Friday, August 09, 2019

IPSC: Closing Plenary

Stephanie Plamondon Bair, Brigham Young University J. Reuben Clark Law School
Innovation’s Paradox

Innovation begets innovation in a virtuous cycle … at least sometimes. Not all innovations are productive, which is fine; it’s trial and error. But some innovations may inhibit our potential for future innovation: how?  Neuropsychology: certain innovations may change the way we think in ways that make it more difficult to think creatively.  Attention span and filtering out unwanted information: focus on a task and selective filtering are both important to innovation, and heavy digital media use seems to interfere with our ability to do that.  Processing information differs too: our brain processes digital information differently from hard copy. People are more focused on concrete details than to think abstractly for digital relative to analog, and abstraction is a necessary component of creative thinking.  Screen time may impact empathic accuracy, which is also important to creativity.  Creative tools: photoshop etc. Are they unmitigated wins for creativity? Downsides: default settings on programs may channel creativity in particular directions—users of one music editing software program are very likely to produce 120 bpm tempo songs b/c that’s the default while users of another are very likely to produce 140 bpm tempo songs b/c that’s the default.  Also concerns about whether people can produce crap: “just b/c tech  has made it easier to create and express yourself does not mean you’re any good at it”: Hegarty on Advertising. 

2012 analysis of creativity scores show declining scores since 1990 while intelligence scores have gone up. Over last 20 years, “children have become less emotionally expressive, less energetic, less talkative and verbally expressive, less humorous, less imaginative, less unconventional, less lively and passionate, less perceptive, less apt to connect seemingly irrelevant things, less synthesizing, and less likely to see things from a different angle”: Kyung Hee Kim, The Creativity Crisis. Not causation argument, but correlates w/rise of tech. [And with massive explosion of inequality/precarity?]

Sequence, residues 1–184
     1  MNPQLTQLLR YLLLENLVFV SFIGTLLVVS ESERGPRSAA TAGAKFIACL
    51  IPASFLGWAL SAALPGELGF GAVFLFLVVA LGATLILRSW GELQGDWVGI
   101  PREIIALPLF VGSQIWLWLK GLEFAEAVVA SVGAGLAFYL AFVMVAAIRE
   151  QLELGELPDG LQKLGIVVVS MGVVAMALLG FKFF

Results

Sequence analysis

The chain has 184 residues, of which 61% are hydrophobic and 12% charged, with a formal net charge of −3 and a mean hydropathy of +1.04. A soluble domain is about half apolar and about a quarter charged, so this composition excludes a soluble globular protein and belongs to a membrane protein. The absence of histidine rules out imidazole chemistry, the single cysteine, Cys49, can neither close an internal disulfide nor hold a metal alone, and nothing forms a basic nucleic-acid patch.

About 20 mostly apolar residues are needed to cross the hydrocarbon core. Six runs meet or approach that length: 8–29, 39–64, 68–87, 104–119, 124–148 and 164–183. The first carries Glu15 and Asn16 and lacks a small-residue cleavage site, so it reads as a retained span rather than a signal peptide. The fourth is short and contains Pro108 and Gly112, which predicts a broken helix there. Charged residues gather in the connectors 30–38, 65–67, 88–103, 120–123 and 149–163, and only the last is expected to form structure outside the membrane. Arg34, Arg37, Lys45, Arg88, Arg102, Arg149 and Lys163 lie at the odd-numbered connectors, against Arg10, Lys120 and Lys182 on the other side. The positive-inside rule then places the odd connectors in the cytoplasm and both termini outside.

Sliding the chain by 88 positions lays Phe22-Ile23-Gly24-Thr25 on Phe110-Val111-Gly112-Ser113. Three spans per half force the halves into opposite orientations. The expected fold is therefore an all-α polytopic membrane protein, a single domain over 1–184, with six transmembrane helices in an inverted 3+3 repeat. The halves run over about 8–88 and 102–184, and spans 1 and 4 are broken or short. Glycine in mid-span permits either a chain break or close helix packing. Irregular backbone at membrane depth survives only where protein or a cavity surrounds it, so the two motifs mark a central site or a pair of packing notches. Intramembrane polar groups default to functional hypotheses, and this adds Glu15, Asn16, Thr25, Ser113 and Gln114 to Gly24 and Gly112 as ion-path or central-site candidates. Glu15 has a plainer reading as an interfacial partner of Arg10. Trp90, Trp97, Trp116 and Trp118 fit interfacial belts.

Tech/innovation: we tend to think about them as passive tools that we can use or not as we see fit. But innovation can be acting on us, in ways that might impact our ability to continue to innovate.  Not new idea to philosophy literature.  Even if you’re practically minded, it’s an idea worth grappling w/ b/c of potential for negative effects on innovation going forward.  Also connected to literature on quality of innovation.  IP rights may incentivize low-value innovations more than high-value innovations; this dynamic she identifies here may be another social cost to grapple w/.

Has focused on costs and not benefits, which are undoubtedly present. Also it’s not necessarily the existence of these innovations, but the way they’re used/overused/misused.  California required all textbooks to be available digitally; Florida followed suit; state educational budgets have been devoted to getting tablets into public schools. We should have a conversation about the downside of these policy decisions.  Mo. Sen. Josh Hawley’s bill targeting social media companies; he wants to require them to get rid of features that might lead to overuse of their products like infinite scroll, autoplay.  It’s an intriguing idea in this context.

RT: inequality/precarity; also want to know how much of this research relates to WEIRD subjects versus others.

A: bound by what the existing research says; we might want different policies for developing countries. Just wants to be clear that she is vigorously extrapolating.

McKenna: you’re talking about two different kinds of studies. One tests microeffects of particular technologies. One looks at macro effects on children over extended periods, and causation is hard. Our education system has shifted to testing drill & kill over time and it’s no surprise kids are less creative in response.

A: meta-analysis on creativity shores up the results, but most literature she’s relying on is testing for particular technologies.

Charles Duan: look at historical examples: people said similar things about television, the printing press, etc.  [I’m very sympathetic to this criticism and I very much want it to be true but on the other hand people have predicted climate apocalypse for hundreds of years and this time they seem to be right (and also we have a lot more empirical information than we used to about both of these topics).]

Q: There is some work on autistic people in the patent system. 

Q: innovations you point at are general purpose or platform technologies, or both.  There are literatures about how these technologies diffuse and affect development of downstream tech.